Soft Lithography Enhances Biological Cells Imaging

Professor Maan Alkaisi, Principal Investigator, MacDiarmid Institute for Advanced Material and Nanotechnology; Department of Electrical & Computer Engineering, University of Canterbury, New Zealand
Corresponding author:

The development of microarrays for analysis and manipulation of cells or viruses has attracted considerable interest from both researchers and biomedical related industry. Different kinds of biological microarrays are under intense investigation to facilitate early detection and analysis of biological events; these are DNA microarrays, Protein microarrays, Tissue and Antibody gene chip analysis, chemical compound arrays to name a few.

Microarray is a multiplex lab-on-a-chip. It is a 2D array on a solid substrate (usually a glass slide or silicon thin-film cell) that assays large amounts of biological material using high-throughput screening methods.

DNA Microarray, also known as DNA chip, is a small solid support, usually a membrane or glass slide, on which sequences of DNA are fixed in an orderly arrangement. DNA microarrays are used for rapid surveys of the expression of many genes simultaneously, as the sequences contained on a single microarray can number in the thousands.

Protein Microarray, also known as a protein binding microarray, provides a multiplex approach to identify protein-protein interactions, to identify the substrates of protein kinases, to identify transcription factor protein-activation, or to identify the targets of biologically active small molecules.

Chemical Compound Microarray is a collection of organic chemical compounds spotted on a solid surface, such as glass and plastic. This microarray format is very similar to DNA microarray, protein microarray and antibody microarray.

Antibody Microarray is a specific form of protein microarrays, a collection of capture antibodies are spotted and fixed on a solid surface, such as glass, plastic and silicon chip for the purpose of detecting antigens.

Tissue Microarrays consist of paraffin blocks in which up to 1000[1] separate tissue cores are assembled in array fashion to allow multiplex histological analysis.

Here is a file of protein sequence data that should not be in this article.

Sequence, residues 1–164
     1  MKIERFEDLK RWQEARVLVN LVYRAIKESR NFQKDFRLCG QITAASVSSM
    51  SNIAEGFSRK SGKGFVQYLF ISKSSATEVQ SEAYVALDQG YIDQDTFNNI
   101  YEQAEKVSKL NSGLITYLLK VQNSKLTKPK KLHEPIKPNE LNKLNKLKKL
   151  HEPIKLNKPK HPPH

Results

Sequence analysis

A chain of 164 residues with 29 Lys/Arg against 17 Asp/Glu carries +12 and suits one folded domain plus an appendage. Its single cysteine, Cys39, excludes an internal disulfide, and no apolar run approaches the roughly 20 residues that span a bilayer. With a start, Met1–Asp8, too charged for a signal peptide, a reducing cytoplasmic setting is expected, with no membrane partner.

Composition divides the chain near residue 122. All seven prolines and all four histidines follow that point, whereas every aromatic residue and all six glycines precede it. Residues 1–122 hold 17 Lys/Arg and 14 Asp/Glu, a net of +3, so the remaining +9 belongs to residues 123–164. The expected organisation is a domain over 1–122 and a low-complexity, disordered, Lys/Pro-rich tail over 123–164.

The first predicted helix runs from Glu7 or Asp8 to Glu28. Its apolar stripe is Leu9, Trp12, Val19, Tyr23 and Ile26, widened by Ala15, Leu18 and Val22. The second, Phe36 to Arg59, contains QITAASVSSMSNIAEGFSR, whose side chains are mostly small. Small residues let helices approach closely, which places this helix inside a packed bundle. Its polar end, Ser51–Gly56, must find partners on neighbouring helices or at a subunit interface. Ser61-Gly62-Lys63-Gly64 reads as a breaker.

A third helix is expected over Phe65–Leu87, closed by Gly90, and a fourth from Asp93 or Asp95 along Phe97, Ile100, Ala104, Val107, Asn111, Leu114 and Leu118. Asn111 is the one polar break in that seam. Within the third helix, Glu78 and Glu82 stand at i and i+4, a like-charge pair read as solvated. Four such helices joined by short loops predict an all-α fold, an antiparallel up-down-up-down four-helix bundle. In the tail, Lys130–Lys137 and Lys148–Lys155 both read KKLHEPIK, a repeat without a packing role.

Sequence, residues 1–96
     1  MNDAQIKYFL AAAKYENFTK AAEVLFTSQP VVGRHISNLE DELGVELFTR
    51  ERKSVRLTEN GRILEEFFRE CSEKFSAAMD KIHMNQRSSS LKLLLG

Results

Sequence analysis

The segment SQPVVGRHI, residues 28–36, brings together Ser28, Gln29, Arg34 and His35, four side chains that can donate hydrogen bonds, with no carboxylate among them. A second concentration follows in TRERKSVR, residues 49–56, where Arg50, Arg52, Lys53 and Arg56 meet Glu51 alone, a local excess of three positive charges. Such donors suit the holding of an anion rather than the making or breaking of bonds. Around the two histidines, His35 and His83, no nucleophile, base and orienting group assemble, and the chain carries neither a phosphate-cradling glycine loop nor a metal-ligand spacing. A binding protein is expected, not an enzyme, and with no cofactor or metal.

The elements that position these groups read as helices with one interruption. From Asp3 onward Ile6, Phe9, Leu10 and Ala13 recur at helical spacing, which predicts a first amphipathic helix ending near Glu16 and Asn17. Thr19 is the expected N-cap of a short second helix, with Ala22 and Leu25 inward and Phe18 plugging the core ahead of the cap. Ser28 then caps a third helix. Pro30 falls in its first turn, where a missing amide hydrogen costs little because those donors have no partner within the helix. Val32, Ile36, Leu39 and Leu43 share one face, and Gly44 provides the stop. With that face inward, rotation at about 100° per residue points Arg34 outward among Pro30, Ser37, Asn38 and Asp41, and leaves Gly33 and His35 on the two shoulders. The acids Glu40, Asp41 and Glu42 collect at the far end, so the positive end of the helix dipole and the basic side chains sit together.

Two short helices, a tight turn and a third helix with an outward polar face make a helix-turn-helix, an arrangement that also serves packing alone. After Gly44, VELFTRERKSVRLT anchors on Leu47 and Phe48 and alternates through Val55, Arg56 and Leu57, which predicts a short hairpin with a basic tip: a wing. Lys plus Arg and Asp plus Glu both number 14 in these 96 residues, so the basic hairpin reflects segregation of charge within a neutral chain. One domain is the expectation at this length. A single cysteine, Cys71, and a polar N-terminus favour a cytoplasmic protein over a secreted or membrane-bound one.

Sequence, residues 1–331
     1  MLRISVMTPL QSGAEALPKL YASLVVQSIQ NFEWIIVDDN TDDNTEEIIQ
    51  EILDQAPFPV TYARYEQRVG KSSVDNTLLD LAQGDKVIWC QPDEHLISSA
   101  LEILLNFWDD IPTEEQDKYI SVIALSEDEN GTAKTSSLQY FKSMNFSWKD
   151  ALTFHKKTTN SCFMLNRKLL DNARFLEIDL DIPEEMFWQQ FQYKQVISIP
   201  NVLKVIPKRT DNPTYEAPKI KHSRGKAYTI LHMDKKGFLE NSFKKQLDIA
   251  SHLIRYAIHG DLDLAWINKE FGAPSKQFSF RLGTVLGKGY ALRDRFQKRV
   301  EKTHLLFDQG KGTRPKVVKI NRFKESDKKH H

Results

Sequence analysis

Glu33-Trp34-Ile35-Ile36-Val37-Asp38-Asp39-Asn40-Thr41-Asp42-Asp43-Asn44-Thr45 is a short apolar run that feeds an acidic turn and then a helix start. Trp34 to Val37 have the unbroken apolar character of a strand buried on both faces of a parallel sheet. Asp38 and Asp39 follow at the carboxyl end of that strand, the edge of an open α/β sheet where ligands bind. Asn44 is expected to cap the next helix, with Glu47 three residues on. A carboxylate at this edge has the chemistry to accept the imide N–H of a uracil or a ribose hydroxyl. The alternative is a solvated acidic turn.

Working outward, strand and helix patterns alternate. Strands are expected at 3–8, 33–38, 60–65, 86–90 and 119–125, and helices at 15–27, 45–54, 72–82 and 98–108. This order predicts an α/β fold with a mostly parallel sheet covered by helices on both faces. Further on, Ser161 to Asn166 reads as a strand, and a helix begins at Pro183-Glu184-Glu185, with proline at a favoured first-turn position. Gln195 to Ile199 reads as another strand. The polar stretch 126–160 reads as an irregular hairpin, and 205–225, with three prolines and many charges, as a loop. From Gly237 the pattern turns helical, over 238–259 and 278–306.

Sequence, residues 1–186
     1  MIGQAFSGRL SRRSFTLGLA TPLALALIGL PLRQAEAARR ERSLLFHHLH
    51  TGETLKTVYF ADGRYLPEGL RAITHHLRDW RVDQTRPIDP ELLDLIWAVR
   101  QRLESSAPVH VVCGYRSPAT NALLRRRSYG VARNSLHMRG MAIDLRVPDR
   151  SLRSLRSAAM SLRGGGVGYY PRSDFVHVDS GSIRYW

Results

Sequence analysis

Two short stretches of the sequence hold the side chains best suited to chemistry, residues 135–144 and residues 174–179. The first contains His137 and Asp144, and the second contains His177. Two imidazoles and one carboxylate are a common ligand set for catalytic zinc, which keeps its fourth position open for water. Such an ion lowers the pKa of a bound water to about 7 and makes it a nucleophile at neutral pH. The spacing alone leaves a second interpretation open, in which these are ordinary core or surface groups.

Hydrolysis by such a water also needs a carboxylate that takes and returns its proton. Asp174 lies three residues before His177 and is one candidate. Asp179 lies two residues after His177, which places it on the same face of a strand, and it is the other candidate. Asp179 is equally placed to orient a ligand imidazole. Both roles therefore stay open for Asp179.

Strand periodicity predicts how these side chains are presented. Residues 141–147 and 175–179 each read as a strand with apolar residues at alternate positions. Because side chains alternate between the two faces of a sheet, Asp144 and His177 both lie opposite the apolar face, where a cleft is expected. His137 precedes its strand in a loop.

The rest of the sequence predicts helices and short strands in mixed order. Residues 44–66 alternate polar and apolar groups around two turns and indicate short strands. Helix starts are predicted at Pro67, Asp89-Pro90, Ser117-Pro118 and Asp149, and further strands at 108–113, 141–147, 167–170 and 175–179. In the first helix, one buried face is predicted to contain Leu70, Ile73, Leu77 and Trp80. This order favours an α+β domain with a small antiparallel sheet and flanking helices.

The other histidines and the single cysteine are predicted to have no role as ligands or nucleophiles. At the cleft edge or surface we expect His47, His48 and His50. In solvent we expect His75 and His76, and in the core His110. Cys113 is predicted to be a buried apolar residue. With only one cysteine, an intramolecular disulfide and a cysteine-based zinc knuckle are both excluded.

Within the MacDiarmid Institute for Advanced Material and Nanotechnology, we are investigating the use of nanoscale imaging technologies that might help in the fundamental understanding of cell function and lead to early diagnosis of diseases at a single cell and molecular level.

We have recently developed a novel technique for replicating biological cellular and sub cellular structures1-4. This method facilitates imaging individual cells at high resolution and offers a snap shot record of cell response to stimulus. Termed Bioimprint, it has enabled us to detect features of fusion pores in cells at unprecedented resolution down to the nanometer scale (nano-bio-imaging). Bioimprint integrates soft lithography directly with biological materials to create replica cell impressions in a robust storage medium to facilitate topographical analysis using Atomic Force Microscopy.

In combination with our BioChip platform5,6, which traps individual cells in its cavities, we are creating a very powerful tool for single cell analysis. Single cell analysis is utilised to provide unique understanding of important biological mechanisms as it enables us to look at the response of individual cells to different stimulation conditions.

In developing a protocol for the bioimprint/biochip processes a new polymer has been especially prepared by our collaborators at the New Zealand Plant and Food Research Centre for this work that showed promising results as it cures at room temperature under UV exposure and we have achieved the imprinting of muscle cells with high precision.